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COLLIER v. EVANS et al. (two cases).
A92A2016.
A92A2017.
MCMURRAY, Presiding Judge.
Motion to recuse. Fulton Superior Court. Before Judge Hull. Jerry L. Collier, pro se.
Jerry Larry Collier (plaintiff) brought a false imprisonment action against the former Commissioner of the Georgia Department of Corrections and the former Warden of Georgia State Prison (defendants). The parties filed opposing motions for summary judgment and the trial court denied plaintiff's motion for summary judgment and granted defendants' motion for summary judgment. Plaintiff filed an appeal in Collier v. Evans, 199 Ga. App. 763 (406 SE2d 90), and this Court affirmed the denial of plaintiff's motion for summary judgment and reversed summary judgment in favor of defendants, finding that defendants failed to pierce plaintiff's allegations of false imprisonment. Collier v. Evans, 199 Ga. App. 763, 765 (3), supra.
Upon remand, defendants filed a demand for jury trial and plaintiff filed a motion in opposition, arguing the jury trial demand was not timely filed. The trial court denied plaintiff's motion in opposition to the jury trial demand and granted plaintiff "a certificate of immediate review, finding that the issues regarding Defendants' entitlement to trial by jury are of such importance that immediate review is warranted."
On February 21, 1992, plaintiff's application for interlocutory appeal was denied in Case No. A92I0034.
On March 3, 1992, a "DISMISSAL" was entered in the trial court, indicating that plaintiff is dismissing his action "with prejudice based upon the settlement agreement of the parties." Plaintiff later filed a motion to set aside the dismissal, alleging that he was duped into dismissing his action against defendants. The trial court denied this motion, finding that "a trial court may not order a complaint reinstated after it has been voluntarily dismissed." On May 7, 1992, plaintiff filed a direct appeal from this order in Case No. A92A2017. On August 19, 1992, he filed an application for discretionary appeal in Case No. A92D0291 from the same order. We now consider Case Nos. A92A2016 and A92A2017. Held:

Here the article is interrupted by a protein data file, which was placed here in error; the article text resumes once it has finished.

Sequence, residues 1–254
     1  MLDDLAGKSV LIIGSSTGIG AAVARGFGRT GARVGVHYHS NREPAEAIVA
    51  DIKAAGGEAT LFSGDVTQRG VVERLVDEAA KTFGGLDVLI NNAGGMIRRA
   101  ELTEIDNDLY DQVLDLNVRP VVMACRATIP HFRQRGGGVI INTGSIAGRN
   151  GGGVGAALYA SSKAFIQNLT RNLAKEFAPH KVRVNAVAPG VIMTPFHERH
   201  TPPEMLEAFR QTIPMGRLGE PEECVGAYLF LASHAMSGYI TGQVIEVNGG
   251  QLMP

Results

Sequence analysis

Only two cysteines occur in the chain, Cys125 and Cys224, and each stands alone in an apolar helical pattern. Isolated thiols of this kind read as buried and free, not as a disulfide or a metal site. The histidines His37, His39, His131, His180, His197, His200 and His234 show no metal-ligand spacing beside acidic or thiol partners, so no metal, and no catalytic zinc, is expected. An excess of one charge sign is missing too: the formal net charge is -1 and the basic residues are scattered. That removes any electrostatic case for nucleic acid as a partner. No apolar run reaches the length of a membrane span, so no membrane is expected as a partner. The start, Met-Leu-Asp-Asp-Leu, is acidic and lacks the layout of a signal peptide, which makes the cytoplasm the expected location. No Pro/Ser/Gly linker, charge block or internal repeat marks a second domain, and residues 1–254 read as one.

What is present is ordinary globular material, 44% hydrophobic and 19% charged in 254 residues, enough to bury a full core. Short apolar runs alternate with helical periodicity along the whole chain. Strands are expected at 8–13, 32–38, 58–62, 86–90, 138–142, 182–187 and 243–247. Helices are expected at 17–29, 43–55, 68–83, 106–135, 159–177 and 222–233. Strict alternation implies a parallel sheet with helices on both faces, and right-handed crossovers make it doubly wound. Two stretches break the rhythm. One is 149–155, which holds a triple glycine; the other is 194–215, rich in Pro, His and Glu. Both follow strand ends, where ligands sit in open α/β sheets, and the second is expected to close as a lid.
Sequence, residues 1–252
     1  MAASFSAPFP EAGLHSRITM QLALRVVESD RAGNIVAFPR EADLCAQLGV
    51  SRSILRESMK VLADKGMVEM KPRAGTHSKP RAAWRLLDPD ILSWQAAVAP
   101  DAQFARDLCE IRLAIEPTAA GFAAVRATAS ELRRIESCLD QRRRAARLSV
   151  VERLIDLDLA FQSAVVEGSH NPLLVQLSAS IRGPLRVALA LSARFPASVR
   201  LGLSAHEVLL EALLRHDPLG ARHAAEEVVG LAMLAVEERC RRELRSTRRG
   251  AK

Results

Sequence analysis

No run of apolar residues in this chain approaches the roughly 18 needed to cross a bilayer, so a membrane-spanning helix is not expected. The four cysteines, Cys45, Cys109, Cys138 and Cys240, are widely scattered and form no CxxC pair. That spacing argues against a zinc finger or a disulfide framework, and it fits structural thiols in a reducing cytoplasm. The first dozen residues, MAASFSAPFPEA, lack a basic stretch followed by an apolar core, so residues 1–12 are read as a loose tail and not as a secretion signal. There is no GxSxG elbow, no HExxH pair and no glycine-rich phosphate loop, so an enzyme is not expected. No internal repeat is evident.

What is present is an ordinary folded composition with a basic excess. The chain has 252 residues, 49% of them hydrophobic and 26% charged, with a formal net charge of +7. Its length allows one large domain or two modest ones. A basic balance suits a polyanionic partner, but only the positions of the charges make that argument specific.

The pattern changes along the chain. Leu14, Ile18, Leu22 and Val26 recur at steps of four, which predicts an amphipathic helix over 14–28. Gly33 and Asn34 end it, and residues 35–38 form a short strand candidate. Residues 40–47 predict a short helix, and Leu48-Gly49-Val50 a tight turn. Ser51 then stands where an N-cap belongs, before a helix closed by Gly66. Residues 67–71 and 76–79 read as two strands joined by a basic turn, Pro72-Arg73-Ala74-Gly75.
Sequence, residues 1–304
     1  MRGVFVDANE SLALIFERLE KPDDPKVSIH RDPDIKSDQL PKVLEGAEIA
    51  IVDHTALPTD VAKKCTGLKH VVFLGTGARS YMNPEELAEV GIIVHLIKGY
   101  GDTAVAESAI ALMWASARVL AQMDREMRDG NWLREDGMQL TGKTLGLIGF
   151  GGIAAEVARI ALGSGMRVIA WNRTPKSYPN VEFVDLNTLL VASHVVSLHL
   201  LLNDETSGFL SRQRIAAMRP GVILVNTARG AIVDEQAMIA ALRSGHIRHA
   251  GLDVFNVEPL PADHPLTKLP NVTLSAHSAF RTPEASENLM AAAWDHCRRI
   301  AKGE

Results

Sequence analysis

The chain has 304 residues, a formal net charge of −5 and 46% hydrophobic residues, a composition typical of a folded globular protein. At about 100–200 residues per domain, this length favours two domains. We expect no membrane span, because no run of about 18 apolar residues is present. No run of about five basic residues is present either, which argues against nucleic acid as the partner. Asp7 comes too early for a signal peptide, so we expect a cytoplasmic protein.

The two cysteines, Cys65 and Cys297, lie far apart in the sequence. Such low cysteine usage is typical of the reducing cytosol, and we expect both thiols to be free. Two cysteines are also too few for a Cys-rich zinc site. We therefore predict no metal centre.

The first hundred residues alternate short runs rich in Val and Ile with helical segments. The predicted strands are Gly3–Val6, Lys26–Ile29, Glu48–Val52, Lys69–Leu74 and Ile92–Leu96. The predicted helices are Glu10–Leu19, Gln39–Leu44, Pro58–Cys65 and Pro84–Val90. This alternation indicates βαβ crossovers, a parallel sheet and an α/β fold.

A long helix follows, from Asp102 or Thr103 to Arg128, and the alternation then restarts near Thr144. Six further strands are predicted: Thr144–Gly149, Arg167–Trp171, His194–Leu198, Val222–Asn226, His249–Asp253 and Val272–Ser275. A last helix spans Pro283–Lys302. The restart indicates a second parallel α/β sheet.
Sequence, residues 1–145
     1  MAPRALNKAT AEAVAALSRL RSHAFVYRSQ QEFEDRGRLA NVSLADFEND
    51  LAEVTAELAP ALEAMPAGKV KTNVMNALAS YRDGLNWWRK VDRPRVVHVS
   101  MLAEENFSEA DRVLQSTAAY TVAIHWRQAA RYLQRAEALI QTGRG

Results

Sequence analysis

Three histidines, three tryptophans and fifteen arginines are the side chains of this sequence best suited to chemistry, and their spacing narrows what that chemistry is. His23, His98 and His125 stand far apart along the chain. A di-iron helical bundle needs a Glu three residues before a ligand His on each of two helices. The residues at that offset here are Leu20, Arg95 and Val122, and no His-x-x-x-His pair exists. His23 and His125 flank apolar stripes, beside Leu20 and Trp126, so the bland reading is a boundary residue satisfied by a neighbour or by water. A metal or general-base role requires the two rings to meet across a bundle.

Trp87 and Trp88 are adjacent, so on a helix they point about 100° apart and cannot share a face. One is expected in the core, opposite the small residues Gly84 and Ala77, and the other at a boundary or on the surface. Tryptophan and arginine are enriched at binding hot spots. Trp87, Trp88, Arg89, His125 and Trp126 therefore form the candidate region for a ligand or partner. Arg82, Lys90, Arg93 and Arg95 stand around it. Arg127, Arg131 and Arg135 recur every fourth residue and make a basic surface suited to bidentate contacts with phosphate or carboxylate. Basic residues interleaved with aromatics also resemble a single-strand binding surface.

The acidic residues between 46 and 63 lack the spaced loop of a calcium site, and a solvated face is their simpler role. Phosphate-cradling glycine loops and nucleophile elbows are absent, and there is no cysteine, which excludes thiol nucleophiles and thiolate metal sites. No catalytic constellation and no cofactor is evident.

1. Plaintiff has filed a motion to recuse the panel of judges assigned to consider the cases sub judice and he requests that these appeals be transferred to the panel of judges that considered his appeal in Collier v. Evans, 199 Ga. App. 763, supra. Plaintiff argues that the panel of judges assigned to consider the cases sub judice "has shown total prejudice against [him] in previous appeal case [number] A92A0614 on June 25, 1992, pending before court on motion for reconsideration. . . ."
"[W]hen a trial judge in a case pending in that court is presented with a motion to recuse accompanied by an affidavit, the judge's duty will be limited to passing upon the legal sufficiency of the affidavit, and if, assuming all the facts alleged in the affidavit to be true, recusal would be warranted, then another judge must be assigned to hear the motion to recuse. [It is also a] well-settled rule that it is as much the duty of a judge not to grant the motion to recuse when the motion is legally insufficient as it is to recuse when the motion is meritorious; nor does the simple filing of an affidavit automatically disqualify a judge. United States v. Bray, 546 F2d 851, 857 (10th Cir. 1976) and cits." State v. Fleming, 245 Ga. 700, 701 (1), 702 (267 SE2d 207).
App. 737 (1) (278 SE2d 460). Consequently, plaintiff's motion to recuse and request to transfer are hereby denied.
Case No. A92A2016
2. Defendants have filed a motion to dismiss Case No. A92A2016, arguing that this appeal is from an order denying a motion to set aside a judgment and that OCGA 5-6-35 (a) (8) requires appeals from such orders to be made via the discretionary appeal procedure of OCGA 5-6-35 (b) et seq. This argument is without merit.